Why did I think the borrowing was over when it wasn't

use std::collections::binary_heap::PeekMut;
use std::collections::BinaryHeap;

fn a() {
    let mut heap = BinaryHeap::from([1, 2, 3, ]);
    if let Some(v) = heap.peek_mut() {
        PeekMut::pop(v);

    }

}

I thought this code should compile, but it didn't

error[E0597]: `heap` does not live long enough
  --> src\lib.rs:6:22
   |
5  |     let mut heap = BinaryHeap::from([1, 2, 3, ]);
   |         -------- binding `heap` declared here
6  |     if let Some(v) = heap.peek_mut() {
   |                      ^^^^-----------
   |                      |
   |                      borrowed value does not live long enough
   |                      a temporary with access to the borrow is created here ...
...
11 | }
   | -
   | |
   | `heap` dropped here while still borrowed
   | ... and the borrow might be used here, when that temporary is dropped and runs the destructor for type `Option<PeekMut<'_, i32>>`
   |
help: consider adding semicolon after the expression so its temporaries are dropped sooner, before the local variables declared by the block are dropped
   |
9  |     };
   |      +

So what's happend

this is indeed a confusing edge case of rust's syntax, I might even consider it a bug.

the problem is the if let expression is at the tail position of the function, thus the lifetime of the whole expression is extended, (even though the type of the if let expression is unit).

if you transform the if let to it's equivalent match form, the reason might be more obvious to understand:

fn a() {
    let mut heap = BinaryHeap::from([1, 2, 3, ]);
    match heap.peek_mut() {
        Some(v) => {
            PeekMut::pop(v);
        }
        None => {
        }
    }
}

as suggested by the compiler, adding a semicolon should fix the problem, because it turns the if let form to a non tail position statement expression.

    if let Some(v) = heap.peek_mut() {
        PeekMut::pop(v);

    }; // <--- note the semicolon
6 Likes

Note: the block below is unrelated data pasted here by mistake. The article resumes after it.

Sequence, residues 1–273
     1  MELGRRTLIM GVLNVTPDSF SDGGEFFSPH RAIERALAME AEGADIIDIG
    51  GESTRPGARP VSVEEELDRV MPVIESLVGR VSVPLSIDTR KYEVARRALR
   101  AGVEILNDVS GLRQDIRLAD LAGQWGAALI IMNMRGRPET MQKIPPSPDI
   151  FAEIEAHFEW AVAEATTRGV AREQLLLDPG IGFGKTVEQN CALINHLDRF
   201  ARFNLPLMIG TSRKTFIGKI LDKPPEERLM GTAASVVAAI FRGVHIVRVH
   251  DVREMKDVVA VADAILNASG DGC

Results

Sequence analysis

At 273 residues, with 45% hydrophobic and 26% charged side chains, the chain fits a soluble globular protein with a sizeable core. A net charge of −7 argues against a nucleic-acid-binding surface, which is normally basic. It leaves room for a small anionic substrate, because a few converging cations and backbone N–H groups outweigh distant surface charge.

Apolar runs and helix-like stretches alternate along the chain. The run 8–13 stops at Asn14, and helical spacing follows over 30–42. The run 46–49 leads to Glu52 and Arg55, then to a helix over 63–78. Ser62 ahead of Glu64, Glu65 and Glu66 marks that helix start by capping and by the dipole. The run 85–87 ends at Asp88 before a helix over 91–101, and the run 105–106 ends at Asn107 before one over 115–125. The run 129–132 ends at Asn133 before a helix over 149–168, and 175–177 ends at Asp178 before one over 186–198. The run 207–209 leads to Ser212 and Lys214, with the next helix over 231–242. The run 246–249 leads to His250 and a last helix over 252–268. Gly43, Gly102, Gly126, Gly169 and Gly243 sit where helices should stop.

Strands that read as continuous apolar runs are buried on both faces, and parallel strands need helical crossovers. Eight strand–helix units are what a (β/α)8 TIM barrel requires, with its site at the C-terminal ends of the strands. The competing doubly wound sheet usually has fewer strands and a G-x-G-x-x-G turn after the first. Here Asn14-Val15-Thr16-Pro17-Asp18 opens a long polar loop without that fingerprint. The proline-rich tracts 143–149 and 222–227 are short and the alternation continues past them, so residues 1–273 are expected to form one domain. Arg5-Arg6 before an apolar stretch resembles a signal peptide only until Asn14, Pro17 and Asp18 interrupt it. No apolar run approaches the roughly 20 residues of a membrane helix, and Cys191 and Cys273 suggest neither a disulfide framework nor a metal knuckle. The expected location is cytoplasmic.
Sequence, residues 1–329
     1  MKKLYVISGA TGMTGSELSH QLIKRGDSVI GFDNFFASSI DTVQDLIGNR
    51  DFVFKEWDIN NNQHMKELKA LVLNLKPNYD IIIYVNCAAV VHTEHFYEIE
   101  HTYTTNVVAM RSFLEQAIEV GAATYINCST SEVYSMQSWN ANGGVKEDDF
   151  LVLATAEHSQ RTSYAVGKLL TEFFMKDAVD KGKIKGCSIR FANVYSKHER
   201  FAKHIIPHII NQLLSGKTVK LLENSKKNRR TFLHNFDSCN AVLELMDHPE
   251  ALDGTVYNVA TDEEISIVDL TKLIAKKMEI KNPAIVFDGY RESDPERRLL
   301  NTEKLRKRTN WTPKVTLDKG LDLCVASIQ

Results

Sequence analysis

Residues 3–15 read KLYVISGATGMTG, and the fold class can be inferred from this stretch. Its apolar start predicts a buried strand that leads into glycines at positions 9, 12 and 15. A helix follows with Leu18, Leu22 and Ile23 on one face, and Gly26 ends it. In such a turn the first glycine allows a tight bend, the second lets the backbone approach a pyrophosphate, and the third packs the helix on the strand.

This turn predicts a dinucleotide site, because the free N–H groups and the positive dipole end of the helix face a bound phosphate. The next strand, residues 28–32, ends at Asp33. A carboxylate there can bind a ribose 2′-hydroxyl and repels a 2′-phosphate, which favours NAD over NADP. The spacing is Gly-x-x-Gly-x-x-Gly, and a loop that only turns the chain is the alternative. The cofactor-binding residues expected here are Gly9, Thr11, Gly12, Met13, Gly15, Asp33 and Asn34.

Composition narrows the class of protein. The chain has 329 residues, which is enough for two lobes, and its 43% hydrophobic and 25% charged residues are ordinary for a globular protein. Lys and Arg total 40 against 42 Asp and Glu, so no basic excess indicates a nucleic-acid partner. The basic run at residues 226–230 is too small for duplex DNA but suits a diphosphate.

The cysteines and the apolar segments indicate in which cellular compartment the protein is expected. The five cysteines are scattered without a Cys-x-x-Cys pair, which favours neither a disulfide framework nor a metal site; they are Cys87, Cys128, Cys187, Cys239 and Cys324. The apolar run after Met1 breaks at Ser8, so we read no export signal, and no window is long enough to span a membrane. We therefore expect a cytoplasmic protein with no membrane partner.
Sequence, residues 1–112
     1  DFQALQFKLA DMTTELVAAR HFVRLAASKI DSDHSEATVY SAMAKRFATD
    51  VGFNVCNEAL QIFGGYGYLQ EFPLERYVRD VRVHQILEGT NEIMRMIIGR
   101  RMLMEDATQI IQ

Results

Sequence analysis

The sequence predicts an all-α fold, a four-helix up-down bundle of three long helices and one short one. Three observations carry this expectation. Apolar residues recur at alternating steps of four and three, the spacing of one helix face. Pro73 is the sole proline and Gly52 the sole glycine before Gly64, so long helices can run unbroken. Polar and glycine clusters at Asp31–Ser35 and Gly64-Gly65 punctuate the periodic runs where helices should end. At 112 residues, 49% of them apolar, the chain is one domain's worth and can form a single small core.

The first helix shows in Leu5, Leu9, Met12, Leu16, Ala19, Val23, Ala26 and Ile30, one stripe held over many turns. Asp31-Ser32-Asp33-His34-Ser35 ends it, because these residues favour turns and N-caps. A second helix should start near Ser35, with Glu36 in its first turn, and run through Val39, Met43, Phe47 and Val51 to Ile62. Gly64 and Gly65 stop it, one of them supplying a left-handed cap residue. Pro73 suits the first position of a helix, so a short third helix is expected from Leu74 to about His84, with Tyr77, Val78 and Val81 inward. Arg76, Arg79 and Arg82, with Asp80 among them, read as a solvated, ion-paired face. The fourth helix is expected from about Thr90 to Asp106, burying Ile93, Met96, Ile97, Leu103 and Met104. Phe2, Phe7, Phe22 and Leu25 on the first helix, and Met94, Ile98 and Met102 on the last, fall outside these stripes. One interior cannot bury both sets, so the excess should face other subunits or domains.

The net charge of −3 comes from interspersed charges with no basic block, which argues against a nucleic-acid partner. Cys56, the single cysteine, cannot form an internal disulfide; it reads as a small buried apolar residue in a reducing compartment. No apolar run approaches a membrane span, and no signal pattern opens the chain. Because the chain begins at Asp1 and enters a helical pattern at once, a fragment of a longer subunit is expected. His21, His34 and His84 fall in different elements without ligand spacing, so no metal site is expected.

Here the relevant section from the reference about drop scopes that causes your snippet to fail compilation:

Temporaries that are created in the final expression of a function body are dropped after any named variables bound in the function body. Their drop scope is the entire function, as there is no smaller enclosing temporary scope.

5 Likes

That's one of the motivations to have new_temp_lifetime.

Summary

  • Introduce super let , which lets you introduce temporary bindings that have names.
    • The expression & $expr is equivalent to { super let tmp = $expr; &tmp } .
  • In Rust 2024, adjust temporary rules to remove known footguns:
    • Temporaries in match expressions are freed before testing patterns, rather than at the end of the match.
    • Temporaries in the tail expression of a block are freed before the end of the block.

src: temporary lifetimes draft RFC (v2) - HackMD

4 Likes

I think this is because the function will return the last expression, and this function should return a (). The value of the last expression happens to be (), so Rust thinks it should be returned, but the expression contains a reference to the variable created by the current function, so it fails, and adding a () at the end will also solve the problem

pub fn a<'a>() -> &'a (){
    let mut heap = BinaryHeap::from([1, 2, 3, ]);
    &if let Some(v) = heap.peek_mut() {
        PeekMut::pop(v);

    }
}
error[E0515]: cannot return reference to temporary value
 --> src\lib.rs:6:5
  |
6 |        &if let Some(v) = heap.peek_mut() {
  |   _____^-
  |  |_____|
  | ||
7 | ||         PeekMut::pop(v);
8 | ||
9 | ||     }
  | ||     ^
  | ||_____|
  |  |_____returns a reference to data owned by the current function
  |        temporary value created here

this is the evidence

pub fn a() {
    let mut heap = BinaryHeap::from([1, 2, 3, ]);
    if let Some(v) = heap.peek_mut() {
        PeekMut::pop(v);

    }
    ()
}

And now it can compile!
Thank you @nerditation for inspiring me to think of this

2 Likes

just to be pedantic, the fact the return type is unit () is just an accident, it's irrelevant to the problem. what actually matters is the entire if let expression is a tail expression, and it binds a variable to a temporary value, thus the temporary lifetime extension mechanism kicks in. see the links posted by @jofas and @vague for details.

to see why the return type is irrelevant, see a slightly different example:

fn a() -> i32 {
    let mut heap = BinaryHeap::from([1, 2, 3, ]);
    if let Some(_) = heap.peek_mut() {
        42
    } else {
        666
    }
}

and the "correct" code (also suggested by the compiler):

fn a() -> i32 {
    let mut heap = BinaryHeap::from([1, 2, 3, ]);
    let answer = if let Some(_) = heap.peek_mut() {
        42
    } else {
        666
    };
    answer
}

the key to make it compile is make the if let expression non-tail position, so the temporary values can be dropped.

1 Like

Now i understand. Thank you!

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